Positions and Education:
- Professor, Ecology and Evolutionary Biology, University of Arizona, 2016-present
- Associate Professor, Ecology and Evolutionary Biology, University of Arizona, 2010-2016
- Assistant Professor, Ecology and Evolutionary Biology, University of Arizona, 2004-2010
- Postdoctoral Researcher, Biological Sciences, Stanford University 2000-2003
- D. Phil. Zoology, Oxford University 2001
- B.Sc. (Hons) University of Melbourne 1996
Honors and Awards:
- Fellow, Wissenschaftskolleg zu Berlin, 2012-13
- Outstanding Faculty Mentor, Honorable Mention, University of Arizona Undergraduate Biology Research Program, 2011
- Pew Scholar in the Biomedical Sciences, 2007
- Alfred P. Sloan Research Fellow, 2007
- Merton College Prize Scholarship, 1999
- Rhodes Scholarship, 1997
- International Mathematical Olympiad: Bronze Medal, 1991
- Associate Editor, Genetics
- Associate Editor, Evolution
- Editor, Philosophy, Theory & Practice in Biology
I study foundational questions in evolutionary theory, by building toy models to incorporate mechanistic phenomena within population genetic models, and by applying model insights to bioinformatic data. Two of my central research interests are i) the robustness and evolvability of biological systems, and ii) how best to describe fitness in a density-dependent and frequency-dependent world. Specific systems include prions, evolutionary capacitance, the evolution of error rates, and the birth of protein-coding sequences from non-coding DNA. I am especially interested in the error-prone nature of molecular (eg transcription, translation, folding) and other developmental processes. Errors in the present can mimic future mutations, and so when selection against the consequences of present errors is strong, this changes the distribution of possible mutations in ways that can have profound consequences. I am also interested in the tension between relative and absolute contests.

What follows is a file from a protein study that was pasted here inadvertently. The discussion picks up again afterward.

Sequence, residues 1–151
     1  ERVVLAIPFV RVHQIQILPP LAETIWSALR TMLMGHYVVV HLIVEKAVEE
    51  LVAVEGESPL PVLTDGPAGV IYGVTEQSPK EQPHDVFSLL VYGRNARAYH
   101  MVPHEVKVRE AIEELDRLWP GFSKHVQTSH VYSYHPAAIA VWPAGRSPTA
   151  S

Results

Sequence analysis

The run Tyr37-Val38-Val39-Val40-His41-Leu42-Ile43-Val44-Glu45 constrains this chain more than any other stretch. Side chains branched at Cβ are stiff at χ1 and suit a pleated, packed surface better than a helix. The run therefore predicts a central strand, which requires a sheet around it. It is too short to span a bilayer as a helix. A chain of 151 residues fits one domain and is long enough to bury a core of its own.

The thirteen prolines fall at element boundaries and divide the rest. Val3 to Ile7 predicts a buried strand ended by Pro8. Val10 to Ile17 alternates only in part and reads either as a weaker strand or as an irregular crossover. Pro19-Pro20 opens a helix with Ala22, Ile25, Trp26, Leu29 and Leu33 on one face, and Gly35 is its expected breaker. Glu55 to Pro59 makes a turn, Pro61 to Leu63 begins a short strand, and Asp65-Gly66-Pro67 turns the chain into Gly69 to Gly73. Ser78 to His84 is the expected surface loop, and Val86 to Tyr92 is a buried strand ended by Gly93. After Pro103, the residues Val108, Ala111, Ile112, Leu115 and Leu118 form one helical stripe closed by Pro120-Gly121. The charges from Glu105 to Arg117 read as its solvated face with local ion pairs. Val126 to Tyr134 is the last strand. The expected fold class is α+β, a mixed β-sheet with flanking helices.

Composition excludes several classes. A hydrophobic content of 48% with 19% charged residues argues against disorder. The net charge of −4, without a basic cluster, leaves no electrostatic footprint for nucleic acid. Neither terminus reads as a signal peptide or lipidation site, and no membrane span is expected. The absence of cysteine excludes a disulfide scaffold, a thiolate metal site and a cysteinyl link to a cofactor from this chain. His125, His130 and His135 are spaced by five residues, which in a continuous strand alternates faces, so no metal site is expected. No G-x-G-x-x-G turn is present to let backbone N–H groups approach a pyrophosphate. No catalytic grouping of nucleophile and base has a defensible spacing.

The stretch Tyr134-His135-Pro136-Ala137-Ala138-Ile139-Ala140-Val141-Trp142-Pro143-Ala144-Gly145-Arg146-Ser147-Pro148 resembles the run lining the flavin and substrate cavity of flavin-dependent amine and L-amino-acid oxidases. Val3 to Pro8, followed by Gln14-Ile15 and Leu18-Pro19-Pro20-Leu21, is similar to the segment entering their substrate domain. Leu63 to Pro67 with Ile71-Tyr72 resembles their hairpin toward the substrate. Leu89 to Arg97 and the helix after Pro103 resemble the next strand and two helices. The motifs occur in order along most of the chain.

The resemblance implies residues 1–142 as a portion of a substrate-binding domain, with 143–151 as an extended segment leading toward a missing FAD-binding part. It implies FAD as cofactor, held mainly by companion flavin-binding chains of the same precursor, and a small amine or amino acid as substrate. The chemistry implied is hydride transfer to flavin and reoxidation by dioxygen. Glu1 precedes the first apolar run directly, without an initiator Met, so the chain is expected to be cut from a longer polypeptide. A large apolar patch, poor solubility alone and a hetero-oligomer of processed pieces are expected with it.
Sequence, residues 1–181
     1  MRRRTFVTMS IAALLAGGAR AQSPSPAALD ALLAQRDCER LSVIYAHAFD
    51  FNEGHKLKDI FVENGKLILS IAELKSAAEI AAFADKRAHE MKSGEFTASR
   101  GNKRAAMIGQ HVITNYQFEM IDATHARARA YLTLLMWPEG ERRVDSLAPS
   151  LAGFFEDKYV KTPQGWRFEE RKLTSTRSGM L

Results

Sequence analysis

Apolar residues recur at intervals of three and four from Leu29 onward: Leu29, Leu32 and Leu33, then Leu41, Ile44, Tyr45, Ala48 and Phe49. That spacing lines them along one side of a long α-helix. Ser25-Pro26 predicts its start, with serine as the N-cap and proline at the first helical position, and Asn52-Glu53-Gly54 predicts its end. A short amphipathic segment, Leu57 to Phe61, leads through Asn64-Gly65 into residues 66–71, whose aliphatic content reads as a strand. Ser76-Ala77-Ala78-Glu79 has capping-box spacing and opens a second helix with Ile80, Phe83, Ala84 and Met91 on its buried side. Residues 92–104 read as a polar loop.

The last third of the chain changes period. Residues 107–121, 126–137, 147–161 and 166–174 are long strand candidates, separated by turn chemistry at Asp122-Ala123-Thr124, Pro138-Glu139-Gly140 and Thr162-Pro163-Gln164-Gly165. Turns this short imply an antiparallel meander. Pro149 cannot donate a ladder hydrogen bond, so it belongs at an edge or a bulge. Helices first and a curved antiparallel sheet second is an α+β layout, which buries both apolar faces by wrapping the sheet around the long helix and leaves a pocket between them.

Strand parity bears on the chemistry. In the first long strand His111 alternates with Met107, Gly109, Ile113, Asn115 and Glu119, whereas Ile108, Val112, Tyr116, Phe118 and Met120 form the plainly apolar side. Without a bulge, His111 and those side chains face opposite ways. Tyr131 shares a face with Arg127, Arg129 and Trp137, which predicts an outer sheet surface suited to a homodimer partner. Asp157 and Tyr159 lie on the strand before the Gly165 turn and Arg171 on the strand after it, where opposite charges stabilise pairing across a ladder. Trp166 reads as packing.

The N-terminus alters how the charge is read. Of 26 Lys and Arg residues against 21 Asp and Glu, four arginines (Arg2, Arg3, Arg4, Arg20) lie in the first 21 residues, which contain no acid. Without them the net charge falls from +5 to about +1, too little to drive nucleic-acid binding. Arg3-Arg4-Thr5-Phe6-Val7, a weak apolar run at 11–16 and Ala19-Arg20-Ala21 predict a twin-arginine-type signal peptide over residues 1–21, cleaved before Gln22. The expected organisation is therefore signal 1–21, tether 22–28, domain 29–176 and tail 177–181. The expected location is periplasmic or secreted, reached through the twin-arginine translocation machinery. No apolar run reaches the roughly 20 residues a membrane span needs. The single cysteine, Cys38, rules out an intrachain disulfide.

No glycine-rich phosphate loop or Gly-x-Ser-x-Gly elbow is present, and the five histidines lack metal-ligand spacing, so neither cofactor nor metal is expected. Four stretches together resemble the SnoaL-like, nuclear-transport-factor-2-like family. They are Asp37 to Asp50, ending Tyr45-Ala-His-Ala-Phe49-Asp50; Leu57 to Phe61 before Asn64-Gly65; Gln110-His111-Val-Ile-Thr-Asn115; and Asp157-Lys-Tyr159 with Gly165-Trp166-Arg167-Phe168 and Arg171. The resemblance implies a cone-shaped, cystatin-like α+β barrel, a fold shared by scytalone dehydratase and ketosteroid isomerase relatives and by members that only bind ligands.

- Bertram J, Foy SG, Neme R, Masel J. (2017) Density-dependent selection in evolutionary genetics: a lottery model of Grime’s triangle, bioRxiv https://doi.org/10.1101/102087
- Wilson BA, Masel J. (2017) Young genes are highly disordered as predicted by the preadaptation hypothesis of de novo gene birth, Nature Ecology & Evolution, in press.
- Masel J, Humphrey PT, Blackburn B, Levine JA. (2015) Evidence-based medicine as a tool for undergraduate probability and statistics education, CBE - Life Sciences Education, 14:1-10.
- Rajon E, Masel J. (2011) Evolution of molecular error rates and the consequences for evolvability, PNAS, 108: 1082-1087.
- Masel J, Trotter MV. (2010) Robustness and evolvability. Trends in Genetics 26:406-14.